Trump Presidency Spawns Peaceful Protest in KC

Community members, students, and anti-trump protestors gathered at the Country Club Plaza last Thursday night to voice their disapproval of the President-elect Donald Trump.

Protestors congregated at the J. C. Nicholas Memorial fountain where protest leaders gave speeches and encouraged attendees to exchange information and empower one another.

Jonathan Revas gives a speech at J.C. Nichols Memorial fountain.

Jonathan Revas gives a speech at J.C. Nichols
Memorial fountain.

Jonathon Revas, a student at Donnelly College and member of the LGBTQIA community, was one of those speakers. Revas, an undocumented immigrant, came to the United States from Mexico when he was nine and talked about the struggles of coming here and the difficulties he still faces.

“I was terrified when Donald Trump was elected,” Revas said. “It was confirmation of being hated.”

Revas ended his speech empowering other undocumented immigrants, welcoming them, and accepting them in society.

“No one is illegal in America,” Revas said. Outside of politics and legalities, the message of his speech pointed to the humanity all people share.

After Revas and other leaders gave speeches, protestors began their march down Main St. towards City Hall. Protesters chanted, “F— Donald Trump,” and “Not my president.”

Shortly after they began, protestors met Kansas City police at the intersection of Main St. and 43rd.  where the marchers welcomed the escort the remainder of the way to City Hall.

Araceli Wagner, a senior in the Urban Studies program at UMKC, attended the protest that night. Wagner said she went because she needed to stand up for friends and family who could be affected by Donald Trump’s presidency.

“I can’t stay quiet about this,” said Wagner. “My mother’s side of the family is from Mexico, so they could be deported. My whole family is undocumented and just having them live in fear and the possibility of them being deported and even my cousin is DACA student.”

Jesse Roberts, a junior and Criminal Justice and Criminology major at UMKC, attended the protest because his sister invited him to go with her. Once he arrived, Roberts was in awe of what he saw.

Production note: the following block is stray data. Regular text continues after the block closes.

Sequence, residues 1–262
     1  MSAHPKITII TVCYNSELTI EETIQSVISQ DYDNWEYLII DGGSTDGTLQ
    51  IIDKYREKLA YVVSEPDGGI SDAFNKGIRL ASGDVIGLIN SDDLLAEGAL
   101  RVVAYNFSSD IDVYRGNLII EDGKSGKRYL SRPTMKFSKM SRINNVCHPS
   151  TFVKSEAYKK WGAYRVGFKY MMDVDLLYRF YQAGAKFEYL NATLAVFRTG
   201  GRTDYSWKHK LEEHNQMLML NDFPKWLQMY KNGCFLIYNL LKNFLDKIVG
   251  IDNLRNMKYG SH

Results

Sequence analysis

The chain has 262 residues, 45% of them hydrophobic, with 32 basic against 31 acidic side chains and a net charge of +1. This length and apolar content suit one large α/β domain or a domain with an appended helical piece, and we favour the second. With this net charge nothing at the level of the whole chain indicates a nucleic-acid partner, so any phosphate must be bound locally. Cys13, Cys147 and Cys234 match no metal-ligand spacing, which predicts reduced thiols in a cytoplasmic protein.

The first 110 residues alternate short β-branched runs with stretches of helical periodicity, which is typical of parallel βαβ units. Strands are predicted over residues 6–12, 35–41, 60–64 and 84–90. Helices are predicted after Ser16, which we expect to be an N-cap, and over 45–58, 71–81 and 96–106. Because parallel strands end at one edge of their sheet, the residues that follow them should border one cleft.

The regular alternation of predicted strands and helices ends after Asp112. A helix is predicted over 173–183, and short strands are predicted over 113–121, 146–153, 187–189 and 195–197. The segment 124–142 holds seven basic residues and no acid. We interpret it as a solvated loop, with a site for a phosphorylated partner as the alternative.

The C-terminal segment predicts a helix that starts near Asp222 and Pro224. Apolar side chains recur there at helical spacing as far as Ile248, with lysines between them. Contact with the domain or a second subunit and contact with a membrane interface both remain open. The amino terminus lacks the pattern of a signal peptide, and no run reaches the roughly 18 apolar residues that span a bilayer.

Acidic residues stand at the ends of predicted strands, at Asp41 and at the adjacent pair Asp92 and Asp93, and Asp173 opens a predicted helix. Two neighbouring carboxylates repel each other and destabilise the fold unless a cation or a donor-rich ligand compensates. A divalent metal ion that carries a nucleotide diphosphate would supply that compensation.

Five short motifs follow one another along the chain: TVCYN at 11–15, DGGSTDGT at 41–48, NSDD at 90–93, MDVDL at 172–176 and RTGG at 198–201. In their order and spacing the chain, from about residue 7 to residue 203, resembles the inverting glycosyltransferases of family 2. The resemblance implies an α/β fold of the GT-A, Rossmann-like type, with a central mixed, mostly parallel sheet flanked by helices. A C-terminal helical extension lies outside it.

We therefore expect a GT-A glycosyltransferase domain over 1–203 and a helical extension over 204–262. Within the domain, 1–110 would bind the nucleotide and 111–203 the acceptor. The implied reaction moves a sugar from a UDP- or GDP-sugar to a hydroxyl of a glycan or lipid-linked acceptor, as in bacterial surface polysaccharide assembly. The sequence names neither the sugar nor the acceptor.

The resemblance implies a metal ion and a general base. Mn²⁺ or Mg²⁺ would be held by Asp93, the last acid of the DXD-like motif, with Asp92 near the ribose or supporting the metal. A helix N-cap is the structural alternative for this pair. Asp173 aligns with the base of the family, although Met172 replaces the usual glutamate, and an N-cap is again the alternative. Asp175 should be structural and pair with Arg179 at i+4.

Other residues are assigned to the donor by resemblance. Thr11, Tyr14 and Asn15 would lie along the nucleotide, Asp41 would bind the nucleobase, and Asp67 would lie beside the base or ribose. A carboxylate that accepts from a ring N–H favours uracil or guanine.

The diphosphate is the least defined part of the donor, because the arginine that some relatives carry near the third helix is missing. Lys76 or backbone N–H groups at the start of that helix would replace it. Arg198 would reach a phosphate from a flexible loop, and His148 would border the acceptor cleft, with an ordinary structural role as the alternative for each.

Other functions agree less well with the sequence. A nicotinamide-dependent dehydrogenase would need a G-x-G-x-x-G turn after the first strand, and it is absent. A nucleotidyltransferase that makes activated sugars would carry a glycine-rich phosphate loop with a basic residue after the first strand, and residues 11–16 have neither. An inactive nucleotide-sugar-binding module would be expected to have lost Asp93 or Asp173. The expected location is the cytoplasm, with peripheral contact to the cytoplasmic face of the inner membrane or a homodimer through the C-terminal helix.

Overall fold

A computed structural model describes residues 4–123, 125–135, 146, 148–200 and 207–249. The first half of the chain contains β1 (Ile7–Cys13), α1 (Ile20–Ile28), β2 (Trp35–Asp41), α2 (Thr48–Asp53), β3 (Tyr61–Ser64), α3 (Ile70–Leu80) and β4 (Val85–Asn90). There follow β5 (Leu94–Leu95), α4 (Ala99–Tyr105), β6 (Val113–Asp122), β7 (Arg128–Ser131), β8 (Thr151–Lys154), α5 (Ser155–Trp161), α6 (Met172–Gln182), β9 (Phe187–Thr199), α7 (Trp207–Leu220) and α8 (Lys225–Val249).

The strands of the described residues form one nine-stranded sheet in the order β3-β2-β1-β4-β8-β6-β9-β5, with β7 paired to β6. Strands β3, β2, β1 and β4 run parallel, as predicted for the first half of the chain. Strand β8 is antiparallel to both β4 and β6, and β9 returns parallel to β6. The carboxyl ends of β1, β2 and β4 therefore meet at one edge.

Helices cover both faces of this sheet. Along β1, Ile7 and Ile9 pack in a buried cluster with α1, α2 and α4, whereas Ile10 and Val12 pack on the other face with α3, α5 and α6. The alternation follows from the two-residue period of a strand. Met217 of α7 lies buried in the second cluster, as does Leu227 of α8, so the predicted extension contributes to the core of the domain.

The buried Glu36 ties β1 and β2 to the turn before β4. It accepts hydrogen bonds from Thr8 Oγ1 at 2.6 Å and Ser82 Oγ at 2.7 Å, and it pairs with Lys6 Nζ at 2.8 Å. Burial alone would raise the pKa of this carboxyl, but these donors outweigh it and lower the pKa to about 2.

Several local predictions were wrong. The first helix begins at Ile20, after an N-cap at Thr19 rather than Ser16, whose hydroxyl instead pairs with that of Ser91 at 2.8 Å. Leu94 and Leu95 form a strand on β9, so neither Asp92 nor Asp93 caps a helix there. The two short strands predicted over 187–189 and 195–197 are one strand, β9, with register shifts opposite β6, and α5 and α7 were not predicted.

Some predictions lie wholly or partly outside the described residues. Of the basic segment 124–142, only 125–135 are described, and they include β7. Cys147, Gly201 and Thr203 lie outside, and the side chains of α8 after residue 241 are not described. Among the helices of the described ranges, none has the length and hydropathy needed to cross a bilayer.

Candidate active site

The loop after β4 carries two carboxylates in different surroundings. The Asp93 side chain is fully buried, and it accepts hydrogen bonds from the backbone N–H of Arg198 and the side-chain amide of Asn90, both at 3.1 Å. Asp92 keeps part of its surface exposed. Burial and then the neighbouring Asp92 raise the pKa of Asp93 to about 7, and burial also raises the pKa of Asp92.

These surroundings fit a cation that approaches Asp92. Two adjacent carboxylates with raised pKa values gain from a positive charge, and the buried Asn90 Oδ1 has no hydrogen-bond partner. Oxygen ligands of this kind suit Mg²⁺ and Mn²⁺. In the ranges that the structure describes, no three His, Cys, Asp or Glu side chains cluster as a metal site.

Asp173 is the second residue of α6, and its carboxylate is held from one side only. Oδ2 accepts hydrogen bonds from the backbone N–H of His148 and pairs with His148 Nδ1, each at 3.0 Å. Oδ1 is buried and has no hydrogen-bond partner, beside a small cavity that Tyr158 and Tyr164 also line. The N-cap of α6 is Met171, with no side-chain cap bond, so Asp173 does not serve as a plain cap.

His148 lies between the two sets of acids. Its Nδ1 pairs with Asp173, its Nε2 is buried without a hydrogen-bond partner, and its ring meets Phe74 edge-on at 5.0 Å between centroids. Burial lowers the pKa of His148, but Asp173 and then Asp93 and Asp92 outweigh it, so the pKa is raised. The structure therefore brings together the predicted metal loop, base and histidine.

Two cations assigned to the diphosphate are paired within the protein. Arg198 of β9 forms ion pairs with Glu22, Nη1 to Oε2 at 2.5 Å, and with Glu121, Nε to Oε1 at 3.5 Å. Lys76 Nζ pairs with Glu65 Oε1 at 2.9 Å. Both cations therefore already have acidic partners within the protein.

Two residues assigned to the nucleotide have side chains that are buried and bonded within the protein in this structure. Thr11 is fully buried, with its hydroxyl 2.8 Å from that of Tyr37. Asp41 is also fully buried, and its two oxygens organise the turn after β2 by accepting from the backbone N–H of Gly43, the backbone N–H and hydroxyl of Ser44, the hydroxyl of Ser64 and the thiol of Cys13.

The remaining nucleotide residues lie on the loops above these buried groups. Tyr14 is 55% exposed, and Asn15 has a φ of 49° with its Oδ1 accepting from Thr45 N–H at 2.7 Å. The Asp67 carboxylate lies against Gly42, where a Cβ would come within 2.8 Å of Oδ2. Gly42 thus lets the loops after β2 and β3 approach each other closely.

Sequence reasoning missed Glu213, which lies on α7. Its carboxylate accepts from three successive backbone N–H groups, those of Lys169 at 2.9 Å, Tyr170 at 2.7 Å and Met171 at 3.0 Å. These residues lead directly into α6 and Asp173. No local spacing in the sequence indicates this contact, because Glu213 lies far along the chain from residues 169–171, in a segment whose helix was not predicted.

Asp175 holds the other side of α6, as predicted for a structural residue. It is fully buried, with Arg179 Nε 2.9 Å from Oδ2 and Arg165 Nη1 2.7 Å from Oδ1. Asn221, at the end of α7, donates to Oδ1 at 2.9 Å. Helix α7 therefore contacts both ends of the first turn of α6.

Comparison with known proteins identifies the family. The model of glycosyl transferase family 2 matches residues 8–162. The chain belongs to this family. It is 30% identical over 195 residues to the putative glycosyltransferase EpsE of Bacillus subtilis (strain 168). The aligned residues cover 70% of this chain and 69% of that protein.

“I was definitely amazed,” said Roberts. “The showing was more than I ever expected, and after I got there more people joined along. Besides the World Series parade I’ve never seen the life of Kansas City work together for a common purpose.”

Protestors marched up Main St. last Thursday.

Protestors marched up Main St. last Thursday.

Protestors again amassed last Saturday at City Hall. Speakers took turns near the steps, handing off a megaphone to voice their concerns about the current political climate, such as, impact on women, racial minorities, the LGBTQIA community, and other groups.

“Distaste with the government’s been big,” said one speaker. “But I don’t know if the ends justify the means.”

“He has said hateful things about minorities, about people who are from Mexico, about people who are Muslim,” said another. “And that is not my America.”

“We are here to speak out against the climate of hate that Trump has normalized throughout his campaign,” said one protestor at the rally, who asked to remain anonymous because of Trump supporters in her social network. “He has condoned and cultivated racism, misogyny, xenophobia, anti-intellectualism, and more. And that has consequences for our culture outside of just politics.”

The rally lasted several hours and remained peaceful throughout the afternoon. Police stood by to the side, watching from their horses and cars along Locust St.
More protests are scheduled in the coming days as citizens continue to consider the pending Trump presidency.


Esmie Tseng also contributed to this article.

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